Surely, Bill Maher, a talented man, with many gifts for comedy, political satire and criticism does not have to resort to vulgarity and insult to guests who deserve better. I will give The Bill Maher Show some more viewing time but, truly, if more thought is not put into the congruency of whom Maher has on as guests and WHAT vulgar verbiage Maher uses I just may not view him any more. Time will tell.

Wednesday, April 01, 2009

The Place of the Jewish Holocaust: A letter appeared in the Metro West Daily News, April 1, 2009 from an Armenian gentleman, Mr. Demoorjian, whose opinion was essentially that all genocides were the same in that they were important to the individual group which was the subject of the onslaught and equated the Armenian genocide to the atrocity of the Jewish Holocaust. In fairness to him he did not belittle the Jewish Holocaust BUT he did create what I saw was a rather egalitarian concept of the 20th century Jewish Holocaust in Europe with respect to all others. I took issue, in part, because I do not believe all genocides, while horrific occurrences in and of themselves, to be the same. Thus, I wrote my own editorial to the News commenting on it. It stated as follows.

What Mr. Demoorjian's says has, without doubt, merit. One cannot calculate the human suffering of genocide whether in Armenia, Cambodia, Sudan, the slums of Mumbai or of the Jews of Europe. I as a Jew and as one whose politics have been shaped by the Holocaust, have long advocated for world admission of the Armenian genocide. There is no question about its reality and no question of its horror.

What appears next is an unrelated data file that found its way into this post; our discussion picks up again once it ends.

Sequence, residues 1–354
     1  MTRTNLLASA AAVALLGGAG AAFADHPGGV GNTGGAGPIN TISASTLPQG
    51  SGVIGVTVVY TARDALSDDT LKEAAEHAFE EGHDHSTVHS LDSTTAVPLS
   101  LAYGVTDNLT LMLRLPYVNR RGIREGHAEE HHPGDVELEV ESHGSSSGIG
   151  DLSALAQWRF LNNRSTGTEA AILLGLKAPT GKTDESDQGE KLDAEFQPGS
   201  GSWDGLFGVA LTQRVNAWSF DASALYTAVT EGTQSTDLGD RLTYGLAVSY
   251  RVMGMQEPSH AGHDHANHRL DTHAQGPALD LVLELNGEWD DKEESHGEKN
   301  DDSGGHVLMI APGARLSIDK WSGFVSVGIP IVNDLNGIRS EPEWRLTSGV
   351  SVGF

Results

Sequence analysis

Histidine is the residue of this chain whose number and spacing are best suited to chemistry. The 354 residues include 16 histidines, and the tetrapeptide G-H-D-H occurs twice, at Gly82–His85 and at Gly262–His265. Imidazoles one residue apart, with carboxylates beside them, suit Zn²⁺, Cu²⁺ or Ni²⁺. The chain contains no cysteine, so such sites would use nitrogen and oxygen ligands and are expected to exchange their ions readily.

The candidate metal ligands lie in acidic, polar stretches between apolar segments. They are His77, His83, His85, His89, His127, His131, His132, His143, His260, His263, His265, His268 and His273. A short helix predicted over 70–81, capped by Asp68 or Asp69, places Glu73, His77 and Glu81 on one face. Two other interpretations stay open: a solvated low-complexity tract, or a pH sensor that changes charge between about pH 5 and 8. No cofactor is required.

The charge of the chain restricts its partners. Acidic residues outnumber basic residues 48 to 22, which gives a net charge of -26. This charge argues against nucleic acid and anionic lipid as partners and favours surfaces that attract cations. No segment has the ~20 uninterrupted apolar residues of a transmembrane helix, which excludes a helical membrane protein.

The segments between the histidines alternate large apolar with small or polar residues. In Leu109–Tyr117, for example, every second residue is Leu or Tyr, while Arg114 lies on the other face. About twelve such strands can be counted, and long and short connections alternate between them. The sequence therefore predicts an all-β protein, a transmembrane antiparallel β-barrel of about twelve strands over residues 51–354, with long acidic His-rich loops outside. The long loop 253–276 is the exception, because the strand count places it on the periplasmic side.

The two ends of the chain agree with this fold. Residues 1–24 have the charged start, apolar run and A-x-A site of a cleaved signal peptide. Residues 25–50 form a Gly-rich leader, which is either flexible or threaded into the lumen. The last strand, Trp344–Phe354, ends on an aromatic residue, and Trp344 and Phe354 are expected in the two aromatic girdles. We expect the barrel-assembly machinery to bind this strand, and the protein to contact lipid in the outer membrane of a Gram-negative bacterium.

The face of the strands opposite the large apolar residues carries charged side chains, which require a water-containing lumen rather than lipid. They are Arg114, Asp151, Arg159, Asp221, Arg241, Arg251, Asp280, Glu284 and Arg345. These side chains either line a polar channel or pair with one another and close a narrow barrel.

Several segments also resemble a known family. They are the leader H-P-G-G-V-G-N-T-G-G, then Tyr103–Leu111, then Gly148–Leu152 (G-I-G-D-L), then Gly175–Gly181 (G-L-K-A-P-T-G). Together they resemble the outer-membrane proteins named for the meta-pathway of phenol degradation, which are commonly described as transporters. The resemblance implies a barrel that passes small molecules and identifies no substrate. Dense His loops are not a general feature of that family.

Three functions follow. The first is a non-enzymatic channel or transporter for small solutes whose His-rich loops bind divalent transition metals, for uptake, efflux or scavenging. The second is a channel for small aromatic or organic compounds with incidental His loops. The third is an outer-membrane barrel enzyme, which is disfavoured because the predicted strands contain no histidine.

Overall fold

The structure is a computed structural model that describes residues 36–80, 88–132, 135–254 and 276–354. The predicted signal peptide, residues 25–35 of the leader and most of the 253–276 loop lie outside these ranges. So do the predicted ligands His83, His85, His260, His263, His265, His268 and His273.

While, in my opinion, the near complete eradication of the Jewish people in Europe reigns sadly supreme among man's inhumanity to man, the Armenian genocide comes close to equaling its scope. Still, as horrific as other attempts at genocide are, in my opinion, nothing on planet earth rises to the Olympian heights of the Jewish Holocaust. It was unparalleled in its length, in its scope and in its near successful completion as man used all his technologically sophisticated machinations to arrive at the German self-proclaimed Final Solution.

What does the word Final mean? I believe we must look not only at the deaths of the six million innocent men and women -- a million of whom were children -- but we must look also at the progression of Jewish history throughout the ages to see what the word final really means. Final means, to me, the end, the last, the climax of the 2000 year historical orgy of anti-Semitism born from Judaism's early schism with nascent Christianity.